Fasting - The Fact File!

Fasting has become an ever increasingly popular dieting trend used for predominantly weight loss but also for general health, so let’s get the facts straight!

Fasting in of itself is simply a prolonged period in which we do not consume any food and or calorie-containing liquid. There are a variety of fasting protocols ranging from intermittent fasting/time restricted feeding (that is, fasting for most of the day and having a small window of time in which you can eat) to whole day (or longer!) fasts.

Fasting has several associated benefits. As it relates to dieting, the obvious being that it may result in a calorie restricted state. If we reduce the time and/or days that we can eat, we are more likely to eat a quantity of food that would put us in a calorie deficit and therefore initiate weight loss. Of course, calories are simply the energy we get from food. If we consume less calories than the amount we require to maintain our weight, we are considered to be in a calorie deficit which will facilitate weight loss.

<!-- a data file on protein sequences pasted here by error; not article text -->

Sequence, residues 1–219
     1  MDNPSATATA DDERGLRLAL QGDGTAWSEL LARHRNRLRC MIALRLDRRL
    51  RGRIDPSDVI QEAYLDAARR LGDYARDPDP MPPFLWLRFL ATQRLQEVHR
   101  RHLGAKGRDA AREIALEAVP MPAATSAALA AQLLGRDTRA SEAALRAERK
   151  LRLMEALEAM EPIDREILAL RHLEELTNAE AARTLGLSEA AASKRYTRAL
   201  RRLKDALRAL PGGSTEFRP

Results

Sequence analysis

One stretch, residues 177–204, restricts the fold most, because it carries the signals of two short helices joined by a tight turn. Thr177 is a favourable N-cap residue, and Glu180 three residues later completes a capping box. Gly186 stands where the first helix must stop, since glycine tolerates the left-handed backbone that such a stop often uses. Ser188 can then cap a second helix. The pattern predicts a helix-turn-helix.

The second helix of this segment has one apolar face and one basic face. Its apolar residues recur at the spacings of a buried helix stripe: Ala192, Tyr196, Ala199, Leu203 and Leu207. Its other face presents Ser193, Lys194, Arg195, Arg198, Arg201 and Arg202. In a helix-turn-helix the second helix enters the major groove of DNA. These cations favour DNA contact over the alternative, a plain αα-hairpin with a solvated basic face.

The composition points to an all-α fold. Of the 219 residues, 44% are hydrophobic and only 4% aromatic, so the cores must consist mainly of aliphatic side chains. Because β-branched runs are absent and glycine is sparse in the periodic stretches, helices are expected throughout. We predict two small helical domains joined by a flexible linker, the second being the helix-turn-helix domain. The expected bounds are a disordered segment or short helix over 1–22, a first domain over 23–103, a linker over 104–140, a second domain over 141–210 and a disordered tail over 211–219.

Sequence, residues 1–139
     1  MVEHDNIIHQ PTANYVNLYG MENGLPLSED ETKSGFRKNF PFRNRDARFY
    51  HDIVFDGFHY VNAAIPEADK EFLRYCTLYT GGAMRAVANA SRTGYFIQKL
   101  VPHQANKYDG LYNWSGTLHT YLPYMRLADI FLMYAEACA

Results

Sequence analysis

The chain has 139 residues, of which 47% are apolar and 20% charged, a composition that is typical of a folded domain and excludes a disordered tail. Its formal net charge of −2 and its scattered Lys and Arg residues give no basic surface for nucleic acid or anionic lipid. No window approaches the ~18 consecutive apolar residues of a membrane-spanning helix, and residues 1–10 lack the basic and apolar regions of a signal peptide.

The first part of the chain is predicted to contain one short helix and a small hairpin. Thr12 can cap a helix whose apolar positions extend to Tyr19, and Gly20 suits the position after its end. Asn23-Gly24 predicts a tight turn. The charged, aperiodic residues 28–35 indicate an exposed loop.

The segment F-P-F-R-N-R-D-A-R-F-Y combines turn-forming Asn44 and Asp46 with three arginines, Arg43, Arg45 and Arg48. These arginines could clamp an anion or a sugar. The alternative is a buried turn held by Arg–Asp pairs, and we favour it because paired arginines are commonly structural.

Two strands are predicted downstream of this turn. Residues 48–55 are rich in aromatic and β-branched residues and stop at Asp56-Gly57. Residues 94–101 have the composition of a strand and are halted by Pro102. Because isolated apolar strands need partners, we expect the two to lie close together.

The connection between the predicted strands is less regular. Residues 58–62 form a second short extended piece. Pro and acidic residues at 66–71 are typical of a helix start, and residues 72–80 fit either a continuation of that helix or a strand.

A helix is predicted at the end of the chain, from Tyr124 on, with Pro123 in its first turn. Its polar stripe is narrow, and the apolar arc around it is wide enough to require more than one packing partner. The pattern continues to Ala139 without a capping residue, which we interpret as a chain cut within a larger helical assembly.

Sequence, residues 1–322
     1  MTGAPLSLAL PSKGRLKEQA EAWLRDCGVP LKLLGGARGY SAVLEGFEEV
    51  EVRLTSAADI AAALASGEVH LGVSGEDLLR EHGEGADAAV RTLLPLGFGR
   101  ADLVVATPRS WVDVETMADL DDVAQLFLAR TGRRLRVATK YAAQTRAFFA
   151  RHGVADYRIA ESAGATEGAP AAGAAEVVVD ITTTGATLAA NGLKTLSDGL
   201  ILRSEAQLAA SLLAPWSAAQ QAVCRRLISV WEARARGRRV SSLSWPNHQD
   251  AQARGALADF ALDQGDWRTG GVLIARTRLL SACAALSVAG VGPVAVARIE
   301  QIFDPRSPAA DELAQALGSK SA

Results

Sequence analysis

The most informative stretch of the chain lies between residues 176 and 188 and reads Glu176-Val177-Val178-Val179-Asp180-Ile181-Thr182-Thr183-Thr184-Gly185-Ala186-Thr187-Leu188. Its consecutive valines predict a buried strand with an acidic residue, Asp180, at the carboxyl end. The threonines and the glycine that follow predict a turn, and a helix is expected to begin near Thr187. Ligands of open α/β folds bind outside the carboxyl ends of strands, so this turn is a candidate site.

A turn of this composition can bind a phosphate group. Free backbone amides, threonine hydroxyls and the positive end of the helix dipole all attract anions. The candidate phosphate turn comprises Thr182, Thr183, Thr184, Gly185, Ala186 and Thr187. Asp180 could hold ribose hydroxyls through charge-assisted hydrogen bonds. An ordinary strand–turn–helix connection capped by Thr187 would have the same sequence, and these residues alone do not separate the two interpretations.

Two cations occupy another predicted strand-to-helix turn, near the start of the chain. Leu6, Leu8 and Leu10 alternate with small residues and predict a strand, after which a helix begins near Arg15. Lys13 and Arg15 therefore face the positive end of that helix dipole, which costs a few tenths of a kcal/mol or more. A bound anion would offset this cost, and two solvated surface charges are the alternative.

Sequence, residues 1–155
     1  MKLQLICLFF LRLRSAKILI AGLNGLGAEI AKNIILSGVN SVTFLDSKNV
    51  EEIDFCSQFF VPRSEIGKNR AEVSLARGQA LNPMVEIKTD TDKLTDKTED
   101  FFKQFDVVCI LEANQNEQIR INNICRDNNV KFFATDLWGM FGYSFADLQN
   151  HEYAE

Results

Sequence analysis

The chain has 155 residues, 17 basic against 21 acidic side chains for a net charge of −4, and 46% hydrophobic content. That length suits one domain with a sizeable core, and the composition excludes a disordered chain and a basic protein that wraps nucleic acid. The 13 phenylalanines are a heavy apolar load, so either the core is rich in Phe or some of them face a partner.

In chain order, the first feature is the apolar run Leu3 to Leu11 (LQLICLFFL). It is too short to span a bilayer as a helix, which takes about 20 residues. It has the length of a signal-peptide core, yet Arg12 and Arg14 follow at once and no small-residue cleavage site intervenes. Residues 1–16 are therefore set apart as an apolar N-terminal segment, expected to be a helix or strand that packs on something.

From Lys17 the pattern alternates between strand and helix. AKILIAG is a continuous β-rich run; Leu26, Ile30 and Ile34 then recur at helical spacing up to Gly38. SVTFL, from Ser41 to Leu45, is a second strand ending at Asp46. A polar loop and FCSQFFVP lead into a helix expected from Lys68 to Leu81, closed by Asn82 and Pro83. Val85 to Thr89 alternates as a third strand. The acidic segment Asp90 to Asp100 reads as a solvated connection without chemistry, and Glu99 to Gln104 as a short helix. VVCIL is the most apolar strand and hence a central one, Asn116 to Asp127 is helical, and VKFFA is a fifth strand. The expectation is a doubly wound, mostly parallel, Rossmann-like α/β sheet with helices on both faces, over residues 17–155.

What are the other major benefits of fasting?

  • Reduced inflammation

  • Reduced calorie

  • Reduce blood pressure

  • Increased insulin sensitivity and has been associated with improving, if not reversing, the metabolic syndrome (a cluster of symptoms which can lead to heart disease) in animal models. The challenge is that in human, the group we typically see metabolic syndrome in (those who are overweight/obese) may find protocols like fasting difficult to maintain

  • Time restricted feeding has been shown to have benefits in individuals suffering from IBS

  • Increased anabolism (building stuff up). When we fast for periods of time our body becomes more sensitive to the next source of nutrients it takes in (similar to exercise). We can exploit this by targeting a high protein intake in addition to a serving of carbohydrate if the goal is to improve lean body mass and or recover from exercise

  • Improved cognitive function

  • Fasting, which results in a low glycogen state/depleted state, may enhance our adaptation to aerobic training stress (also known as mitochondrial biogenesis)